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Tech Journal: Love the Learning Curve

learning-curve

Overwhelmed by the idea of learning yet another new program, device or app? Trounce any technology with a few simple steps.

Often, part of succeeding in today’s technology-driven culture is knowing how to use something new. Some people seem to have a natural talent for quickly picking up new tech. But for most, learning new technology can be daunting.

It doesn’t matter if it’s a new fitness tracker at home or a new team-based IM application at the office, being able to learn new technology could be considered an essential skill today. Even if you’re working remotely, you’ll often have to learn tools that keep you connected with clients, customers, and other people you need to interact with. So how do you stop fighting with tech and start being efficient with it quickly? Don’t be afraid of it.

Jump In, Ask Questions Later

When I was younger, I remember my school got four brand new Windows-based computers. I was enamoured with the machines but too afraid of breaking anything to really get to know how to use them. I had never used a computer before, and I didn’t like the idea of learning by trial and error on the school’s machines.

Once my family got a computer (this 90's era IBM Aptiva) I ditched my fear of breaking things and learned by trial and error.

Once my family got a computer (this 90’s era IBM Aptiva) I ditched my fear of breaking things and learned by trial and error.

I learned to ditch my fear of computers using this machine.

Later, when my family got a computer I started experimenting on my own, and things grew from there. What I didn’t know how to do, I learned by trial and error. But one of the first things I overcame was my fear of breaking something, because it turned out, no matter how badly I screwed up, it was really hard to break the computer.

So much of learning how to use new technology involves exploration. Almost all gadgets and devices offer a surplus of features that are not explained fully unless you go looking. That’s why I would encourage you to dig through all the menus, press all the buttons, and try all the features out when you get something new. For example, I recently bought a Fitbit with the idea that I could track my steps and compare with my friends. It wasn’t until I started digging around the settings that I realized, when combined with a smartphone app, Fitbit can also do GPS-based run tracking.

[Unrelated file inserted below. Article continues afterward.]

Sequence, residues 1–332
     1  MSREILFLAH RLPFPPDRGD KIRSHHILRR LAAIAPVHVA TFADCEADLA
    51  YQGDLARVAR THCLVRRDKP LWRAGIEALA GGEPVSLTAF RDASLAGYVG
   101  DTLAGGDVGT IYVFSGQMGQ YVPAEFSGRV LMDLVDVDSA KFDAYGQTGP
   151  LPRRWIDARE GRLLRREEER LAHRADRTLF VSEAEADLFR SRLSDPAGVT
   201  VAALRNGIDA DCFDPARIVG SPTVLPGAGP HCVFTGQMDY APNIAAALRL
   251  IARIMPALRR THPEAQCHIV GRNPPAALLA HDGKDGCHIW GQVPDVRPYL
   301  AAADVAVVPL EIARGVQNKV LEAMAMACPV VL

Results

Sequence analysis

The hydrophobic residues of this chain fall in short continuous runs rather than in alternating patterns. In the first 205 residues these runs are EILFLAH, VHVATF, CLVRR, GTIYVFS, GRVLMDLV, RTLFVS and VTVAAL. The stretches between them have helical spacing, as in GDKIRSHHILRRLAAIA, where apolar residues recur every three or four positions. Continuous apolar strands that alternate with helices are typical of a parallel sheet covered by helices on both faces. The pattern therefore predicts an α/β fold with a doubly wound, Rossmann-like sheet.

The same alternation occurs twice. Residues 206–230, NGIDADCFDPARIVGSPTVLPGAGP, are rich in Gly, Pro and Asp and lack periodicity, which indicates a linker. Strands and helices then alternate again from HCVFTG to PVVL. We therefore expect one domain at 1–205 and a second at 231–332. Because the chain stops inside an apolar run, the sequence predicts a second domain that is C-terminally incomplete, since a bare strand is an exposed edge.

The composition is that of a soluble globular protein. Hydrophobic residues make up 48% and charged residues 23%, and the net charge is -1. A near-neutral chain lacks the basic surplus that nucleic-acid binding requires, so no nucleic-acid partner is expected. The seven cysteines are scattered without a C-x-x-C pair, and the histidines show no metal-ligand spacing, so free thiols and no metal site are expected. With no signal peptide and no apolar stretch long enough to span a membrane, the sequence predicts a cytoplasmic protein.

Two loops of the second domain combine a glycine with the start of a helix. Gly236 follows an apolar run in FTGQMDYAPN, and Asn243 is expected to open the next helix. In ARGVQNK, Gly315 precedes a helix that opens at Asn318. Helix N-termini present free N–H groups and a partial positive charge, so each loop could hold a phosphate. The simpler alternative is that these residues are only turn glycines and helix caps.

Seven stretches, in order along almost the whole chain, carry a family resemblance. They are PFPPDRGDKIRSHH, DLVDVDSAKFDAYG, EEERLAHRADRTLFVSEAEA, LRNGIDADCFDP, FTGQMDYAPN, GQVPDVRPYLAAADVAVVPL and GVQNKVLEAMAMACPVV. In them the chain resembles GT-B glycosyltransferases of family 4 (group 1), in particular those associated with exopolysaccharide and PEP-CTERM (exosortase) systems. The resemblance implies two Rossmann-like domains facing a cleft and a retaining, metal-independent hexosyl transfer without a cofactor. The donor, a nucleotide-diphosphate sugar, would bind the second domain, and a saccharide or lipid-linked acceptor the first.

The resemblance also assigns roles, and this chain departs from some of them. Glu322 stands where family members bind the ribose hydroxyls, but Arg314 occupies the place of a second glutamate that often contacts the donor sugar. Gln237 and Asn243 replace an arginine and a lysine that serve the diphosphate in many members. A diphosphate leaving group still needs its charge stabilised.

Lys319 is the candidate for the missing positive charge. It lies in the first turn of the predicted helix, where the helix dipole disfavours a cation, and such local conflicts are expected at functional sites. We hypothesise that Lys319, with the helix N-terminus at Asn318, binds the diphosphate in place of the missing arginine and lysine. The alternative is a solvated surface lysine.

The Internet is Your Best Friend

If you’re having a problem with your new gadget, device or software, chances are, someone else is too. Even if you’re just curious about how a feature works, often the fastest way to discovering new information is through a search engine like Google. Often, some of the best results can be achieved by simply trying a search for your exact question.

The same thing goes for error messages. You might not understand everything your computer or phone is trying to tell you, but error messages are usually a great starting point for resolving your problems. If you have to, write down the message you receive and search the exact phrase. Generally, you’ll come up with step-by-step instructions on how to resolve the problem. At worst, you’ll turn up the number for tech support.

My old friend, the infamous blue screen of death. Tinker enough and your bound to meet once or twice. This serves as a good reminder: always back up your important files in two places.

My old friend, the infamous blue screen of death. Tinker enough and your bound to meet once or twice. This serves as a good reminder: always back up your important files in two places.

Enter YouTube

Some of us prefer to read instructions, while others need to see things visually. If you fall into the later group, try searching for the task you’re trying to accomplish on YouTube. There are thousands and thousands of how-to’s and walkthroughs for nearly anything you can think of. What’s great about YouTube is that these tips aren’t limited to technology skills. You can learn everything from how to drive a manual transmissionto how to how to cook the perfect steak. The obvious disclaimer to this is that YouTube is filled with a lot of great advice, but not all of it comes from experts, so always use common sense, and if something doesn’t sound right, look up a few other sources.

Unlike in Life, There is (Almost) Always a Reset Button

Normally, I would leave it there and encourage you to start tapping, clicking and pressing buttons, but I feel like I should impart something I have always found freeing. It’s rare to break a piece of technology beyond repair, especially if you’re not tinkering with the actual hardware itself (and even then, there’s iFixit). Most software, devices and gadgets are just a few clicks away from resetting their default settings, so even if you think all is lost, it isn’t. Unless you’re planning to film drop-tests it’s become very hard to permanently damage technology simply by exploring. When it doubt, back up your important files, but never let fear of breaking something hold you back. You might not always get everything right, but what you learn in the process is invaluable.

by

Christopher is Co-Founder and Managing Editor at The Reply. He has a fondness for strong coffee, good books and foreign news services. When he was five years old his father helped him raise a family of chipmunks over the winter, you should ask him about it. Professionally, he’s spent time as a technology journalist, PR consultant, and freelance blogger. Christopher’s work has appeared in a lot of trade magazines you’ve probably never heard of and maybe some you have. He has a B.A. in Political Science from the University of Toronto and a certificate in Media Foundations from Humber College in Toronto.

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